iG’s superstar carries TheShy and mid laner Song “Rookie” Eui-jin took third and fourth place respectively. Even if one solo lane gets focused down, the other will step up to help push the team to victory.
TheShy is also the only top laner who made it to the list. Both league’s top damage dealers are bot or mid laners.
Former team mate, Top Esports Yu “JackeyLove” Wen-Bo only played six games in the regular season, yet ranks second in average damage dealt to champions, a testament to his outstanding AD carry abilities.
On the opposite side of the table, fifth place Yoo “FATE” Su-hyeok is Sandbox Gaming’s substitute mid laner who played seven games on champions like LeBlanc, Ryzea and Viktor, and only won one.
5. Shortest game
Even when you compare the average game time of both regions, LPL concludes games a minute faster, so it’s no surprise that the shortest game of the season was a pre-20 minute stomp by FunPlus Phoenix over Victory 5.
V5 did not win a single match this season and finished last, while Sandbox Gaming was one of the bottom two teams in the LCK that had to play through relegation matches to remain in the league.
6. Longest game
FunPlus Phoenix played in both the shortest and longest game of LPL Spring Split 2020.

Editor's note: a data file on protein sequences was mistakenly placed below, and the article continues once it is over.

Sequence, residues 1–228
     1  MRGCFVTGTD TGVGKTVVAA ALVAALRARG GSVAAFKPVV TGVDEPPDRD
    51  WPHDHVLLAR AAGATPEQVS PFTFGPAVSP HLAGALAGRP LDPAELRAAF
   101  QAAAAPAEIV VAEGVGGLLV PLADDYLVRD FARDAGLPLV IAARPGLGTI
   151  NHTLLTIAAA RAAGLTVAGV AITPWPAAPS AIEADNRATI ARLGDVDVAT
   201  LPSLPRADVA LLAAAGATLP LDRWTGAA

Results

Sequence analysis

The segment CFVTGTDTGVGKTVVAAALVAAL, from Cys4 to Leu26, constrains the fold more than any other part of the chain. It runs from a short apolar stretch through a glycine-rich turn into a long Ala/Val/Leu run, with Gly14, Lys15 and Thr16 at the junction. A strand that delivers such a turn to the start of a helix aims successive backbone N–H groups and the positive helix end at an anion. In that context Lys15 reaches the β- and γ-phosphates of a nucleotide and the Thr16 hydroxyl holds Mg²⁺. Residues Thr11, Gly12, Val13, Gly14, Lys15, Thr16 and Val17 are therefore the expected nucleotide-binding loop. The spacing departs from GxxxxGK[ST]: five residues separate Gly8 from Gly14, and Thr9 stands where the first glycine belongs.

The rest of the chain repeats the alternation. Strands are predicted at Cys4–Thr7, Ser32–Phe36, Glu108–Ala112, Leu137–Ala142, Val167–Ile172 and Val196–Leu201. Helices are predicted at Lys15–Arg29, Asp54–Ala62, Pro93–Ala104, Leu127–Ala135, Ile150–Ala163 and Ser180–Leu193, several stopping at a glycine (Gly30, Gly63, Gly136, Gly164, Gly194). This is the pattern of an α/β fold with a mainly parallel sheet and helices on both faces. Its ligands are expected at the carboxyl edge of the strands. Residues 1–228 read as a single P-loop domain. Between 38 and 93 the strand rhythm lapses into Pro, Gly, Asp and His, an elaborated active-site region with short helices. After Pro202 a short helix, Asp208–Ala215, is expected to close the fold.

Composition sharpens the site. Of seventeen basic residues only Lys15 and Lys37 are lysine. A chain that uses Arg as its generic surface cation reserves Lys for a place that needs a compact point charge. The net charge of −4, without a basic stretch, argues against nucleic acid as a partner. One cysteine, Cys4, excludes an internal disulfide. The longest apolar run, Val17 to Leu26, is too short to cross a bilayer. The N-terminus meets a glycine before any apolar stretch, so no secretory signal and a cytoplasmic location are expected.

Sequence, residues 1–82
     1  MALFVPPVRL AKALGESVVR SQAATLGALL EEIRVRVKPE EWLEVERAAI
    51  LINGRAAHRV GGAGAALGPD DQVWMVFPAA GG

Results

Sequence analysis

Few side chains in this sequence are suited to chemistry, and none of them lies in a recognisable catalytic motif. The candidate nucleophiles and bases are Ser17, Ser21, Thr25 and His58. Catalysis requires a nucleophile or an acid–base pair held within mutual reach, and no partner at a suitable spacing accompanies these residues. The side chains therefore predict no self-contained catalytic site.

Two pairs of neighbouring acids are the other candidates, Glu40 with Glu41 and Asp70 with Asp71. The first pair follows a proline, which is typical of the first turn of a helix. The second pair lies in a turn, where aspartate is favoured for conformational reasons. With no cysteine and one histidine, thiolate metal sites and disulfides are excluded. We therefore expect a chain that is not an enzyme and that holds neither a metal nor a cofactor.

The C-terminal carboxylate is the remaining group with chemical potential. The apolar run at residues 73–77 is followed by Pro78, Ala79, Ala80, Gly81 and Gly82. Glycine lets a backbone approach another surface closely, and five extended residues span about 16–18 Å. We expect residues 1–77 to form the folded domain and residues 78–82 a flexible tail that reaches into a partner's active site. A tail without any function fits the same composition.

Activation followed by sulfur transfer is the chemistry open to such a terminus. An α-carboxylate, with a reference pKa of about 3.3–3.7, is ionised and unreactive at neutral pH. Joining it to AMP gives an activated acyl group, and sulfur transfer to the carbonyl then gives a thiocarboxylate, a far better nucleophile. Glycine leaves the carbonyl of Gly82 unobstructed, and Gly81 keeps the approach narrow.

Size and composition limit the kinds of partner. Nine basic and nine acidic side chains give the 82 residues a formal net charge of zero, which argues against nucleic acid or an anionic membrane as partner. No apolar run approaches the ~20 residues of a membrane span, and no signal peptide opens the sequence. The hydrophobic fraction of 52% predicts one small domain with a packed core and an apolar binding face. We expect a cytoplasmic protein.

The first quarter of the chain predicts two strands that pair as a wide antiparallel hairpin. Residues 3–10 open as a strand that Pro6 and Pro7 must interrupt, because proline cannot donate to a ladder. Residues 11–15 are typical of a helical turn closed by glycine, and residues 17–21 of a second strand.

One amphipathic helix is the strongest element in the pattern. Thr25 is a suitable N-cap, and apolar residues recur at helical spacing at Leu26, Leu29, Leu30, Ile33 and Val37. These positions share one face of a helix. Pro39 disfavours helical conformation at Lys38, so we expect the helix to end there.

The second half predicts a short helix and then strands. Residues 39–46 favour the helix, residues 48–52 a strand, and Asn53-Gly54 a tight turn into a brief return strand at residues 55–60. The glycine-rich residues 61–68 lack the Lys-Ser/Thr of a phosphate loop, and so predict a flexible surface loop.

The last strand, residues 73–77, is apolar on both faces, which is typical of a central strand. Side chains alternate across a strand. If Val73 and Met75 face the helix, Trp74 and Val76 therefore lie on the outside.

In the final match of LPL Spring Split 2020, FunPlus Phoenix locked heads with Top Esports. Fighting for seeding, a win for either team would have bumped up their position in the rankings for a better playoff spot.
FPX were initially in control for the first 35 minutes of the game, but one team fight turned the tides for TES, who needed Baron and Elder Dragon in order to end.
7. Game with most kills
LCK’s longest game was also their bloodiest.
In week six, Damwon Gaming were on a four-game losing streak and desperate for a win. Overcoming APK Prince in a final team fight, DWG ended the game with 30 kills to APK’s 21.
LCK’s bloodiest game still cannot compare to LPL’s 58 total kill count within a 38-minute game that ended with an epic backdoor by Su “Southwind” Zhi-Lin and Puff on Tahm Kench and Ezreal.
The three-game series between Invictus Gaming and Rogue Warriors finished with a total kill count of 148.
Even though LPL teams favor a high risk, high reward play style, they’ve also shown that they can execute a highly macro game – when they choose to.
In the LPL Spring semifinals, there were no kills in game one between JD Gaming and FunPlus Phoenix until 33 minutes into the game. Similarly, Invictus Gaming is the only pro team to consistently draft Kalista top for TheShy with a 100% win rate by split pushing.
Aggression vs Control: Who wins?
With the Mid Season Cup starting tomorrow, it will be a chance for fans to see which style is superior.
Our opinion is that if the LPL can win brawls and secure objectives with fearless team fighting, they’ll be able to push for an early victory. But beware, for the LCK can also draft to work the map, and are very good at punishing mistakes. One misstep by an aggressive LPL team could swing all momentum over to the LCK for the win.